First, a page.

NOW ACCEPTING NEW PATIENTS!
Contact us to book your pet's next appointment.

902.434.3111

Transporting Snakes to the Vet

Transporting your pet to the vet safely is important for any patient, including snakes. Here are a few things that you can do to make your limbless lovely’s trip more secure.

Generally, two layers of security are recommended to bring any reptile pet to the vet. Appropriately-sized pillow cases or handmade snake bags work very well! The second “barrier” is ideally a plastic container, preferably one with locking latches for extra security.

 

Small Snakes

Very small snakes can be transported using a small lock-top plastic container, such as the one pictured here. A small cloth snake bag or small towel can be used to make the snake feel more secure. This juvenile Cornsnake is quite comfortable in a small storage container, either using a snake bag or a small hand towel.

 

Medium to Large-Sized Snakes

Larger snakes can be secured in one to two pillowcases, and then transported in a lock-top plastic tote. This Boa Constrictor is approximately 1.5 m (5 ft) long and fits comfortably inside a medium-sized tote.

 

Very Large Snakes

Very large snakes can be comfortably transported in large storage totes, preferably those with lockable tops. Extra “locks” can be added along the sides of the lid using large binder clips. A large towel or blanket lining the tote, with a second towel or blanket on top of the snake, help provide extra security during travel.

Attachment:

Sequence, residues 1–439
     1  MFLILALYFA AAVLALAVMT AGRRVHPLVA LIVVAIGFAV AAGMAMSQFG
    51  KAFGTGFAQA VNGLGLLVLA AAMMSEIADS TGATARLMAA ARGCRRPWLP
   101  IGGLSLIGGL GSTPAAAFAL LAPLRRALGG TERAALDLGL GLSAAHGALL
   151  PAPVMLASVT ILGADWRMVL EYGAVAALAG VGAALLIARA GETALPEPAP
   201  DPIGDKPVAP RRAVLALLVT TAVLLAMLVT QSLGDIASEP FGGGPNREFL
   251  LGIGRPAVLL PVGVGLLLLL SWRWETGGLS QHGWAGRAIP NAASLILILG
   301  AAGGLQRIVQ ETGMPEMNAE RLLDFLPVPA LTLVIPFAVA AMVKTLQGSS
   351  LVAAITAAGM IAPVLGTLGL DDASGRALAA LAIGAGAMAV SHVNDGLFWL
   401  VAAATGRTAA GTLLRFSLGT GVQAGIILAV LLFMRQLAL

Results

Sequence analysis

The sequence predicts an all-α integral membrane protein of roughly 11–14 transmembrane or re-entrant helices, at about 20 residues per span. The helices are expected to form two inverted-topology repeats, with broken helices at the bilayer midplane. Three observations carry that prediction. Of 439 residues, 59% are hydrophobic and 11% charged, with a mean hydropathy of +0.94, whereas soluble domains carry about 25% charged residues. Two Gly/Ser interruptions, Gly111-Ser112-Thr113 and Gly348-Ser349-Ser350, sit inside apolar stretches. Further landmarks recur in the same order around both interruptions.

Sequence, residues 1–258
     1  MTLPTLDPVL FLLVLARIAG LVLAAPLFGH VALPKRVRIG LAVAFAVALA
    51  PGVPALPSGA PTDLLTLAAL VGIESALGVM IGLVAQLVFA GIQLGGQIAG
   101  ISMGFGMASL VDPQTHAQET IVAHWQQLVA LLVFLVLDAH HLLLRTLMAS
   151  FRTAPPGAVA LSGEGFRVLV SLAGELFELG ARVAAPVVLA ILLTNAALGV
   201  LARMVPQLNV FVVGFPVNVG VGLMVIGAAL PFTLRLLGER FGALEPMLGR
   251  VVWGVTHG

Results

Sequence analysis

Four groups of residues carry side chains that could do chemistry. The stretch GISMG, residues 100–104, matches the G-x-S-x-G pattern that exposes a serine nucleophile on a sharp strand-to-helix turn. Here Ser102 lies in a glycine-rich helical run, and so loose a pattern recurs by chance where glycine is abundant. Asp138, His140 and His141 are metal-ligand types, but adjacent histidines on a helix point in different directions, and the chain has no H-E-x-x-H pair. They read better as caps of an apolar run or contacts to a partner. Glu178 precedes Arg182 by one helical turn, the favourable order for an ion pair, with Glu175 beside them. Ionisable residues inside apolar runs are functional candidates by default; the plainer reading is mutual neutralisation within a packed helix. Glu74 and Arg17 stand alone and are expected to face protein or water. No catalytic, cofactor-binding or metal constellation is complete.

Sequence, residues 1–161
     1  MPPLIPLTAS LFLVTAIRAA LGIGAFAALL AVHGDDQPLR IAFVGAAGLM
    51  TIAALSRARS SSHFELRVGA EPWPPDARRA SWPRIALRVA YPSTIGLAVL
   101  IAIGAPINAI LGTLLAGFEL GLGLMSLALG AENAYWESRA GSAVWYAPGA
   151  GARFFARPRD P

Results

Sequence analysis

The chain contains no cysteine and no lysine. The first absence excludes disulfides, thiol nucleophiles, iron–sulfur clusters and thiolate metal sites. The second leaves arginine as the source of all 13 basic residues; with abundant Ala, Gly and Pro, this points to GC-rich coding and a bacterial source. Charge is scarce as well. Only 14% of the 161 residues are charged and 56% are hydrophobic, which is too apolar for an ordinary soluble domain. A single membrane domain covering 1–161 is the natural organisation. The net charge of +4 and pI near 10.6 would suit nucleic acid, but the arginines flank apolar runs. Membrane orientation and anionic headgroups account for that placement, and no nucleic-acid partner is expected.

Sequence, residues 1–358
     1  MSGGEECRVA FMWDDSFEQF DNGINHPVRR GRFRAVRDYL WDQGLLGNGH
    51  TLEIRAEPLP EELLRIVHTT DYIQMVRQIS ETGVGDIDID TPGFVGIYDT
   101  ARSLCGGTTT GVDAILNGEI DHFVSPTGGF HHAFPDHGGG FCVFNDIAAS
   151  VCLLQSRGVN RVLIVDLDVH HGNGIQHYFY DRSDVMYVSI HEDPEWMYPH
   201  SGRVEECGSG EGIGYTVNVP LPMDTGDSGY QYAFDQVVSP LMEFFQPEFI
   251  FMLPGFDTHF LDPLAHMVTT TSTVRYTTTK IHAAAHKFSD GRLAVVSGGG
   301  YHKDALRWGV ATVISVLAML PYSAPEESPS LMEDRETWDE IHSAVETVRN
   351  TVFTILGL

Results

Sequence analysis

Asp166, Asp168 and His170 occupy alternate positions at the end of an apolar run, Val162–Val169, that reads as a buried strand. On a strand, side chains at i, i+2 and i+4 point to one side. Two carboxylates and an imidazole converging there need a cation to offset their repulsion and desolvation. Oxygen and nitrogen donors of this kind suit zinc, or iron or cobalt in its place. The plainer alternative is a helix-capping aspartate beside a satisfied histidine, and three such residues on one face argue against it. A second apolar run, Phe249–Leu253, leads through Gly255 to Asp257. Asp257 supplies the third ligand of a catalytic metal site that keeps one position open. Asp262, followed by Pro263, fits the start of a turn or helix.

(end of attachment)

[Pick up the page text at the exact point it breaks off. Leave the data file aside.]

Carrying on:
Does my snake need a heat source while I travel?

It depends! Since we have such varied temperatures throughout the seasons here in Nova Scotia, we recommend adding a heat source when the temperature outside is below 18-20 °C (64-68 °F). Our preferred heat sources include either a rubber hot water bottle, or a thermotherapeutic compress (such as the Magic Bag®), that can be placed either inside the plastic tote underneath your snake, or outside the container if it’s too small.

Overheating can cause hyperthermia and death within minutes. It is critical that you test the temperature of any heating device before using it for travel with your pet. We recommend using an infrared thermometre (“temperature gun”) to ensure that the heating device is no warmer than 30 °C (86 °F). While many reptile species can easily tolerate temperatures warmer than this in the wild or in their home enclosure, remember that they will be stuck in an enclosed space and cannot move away if they feel too warm. Another “rule of thumb” is to test the heating device against your skin: If it feels so warm that you cannot hold it against your bare arm for more than 60 seconds, then it is too warm for your pet snake. If you’re using a thermotherapeutic bag, be sure to “jiggle” it around while testing as they can have an internal “hot spot” from being warmed in the microwave.

Regardless of if you use a heating device or what you use, once you and your pet arrive in the exam room we can provide an electric heating pad to make sure that your pet stays comfortable.

 

Does my snake need air holes?

Generally, no. Reptiles have a relatively slow metabolic rate compared to mammals, meaning that their oxygen needs are much lower. Most containers are not completely air tight, and unless your snake will be in the container for several hours they will not need extra air holes. Adding air holes can actually compromise the container’s ability to retain heat.

Category:

Blog

How to make medication request hassle-free!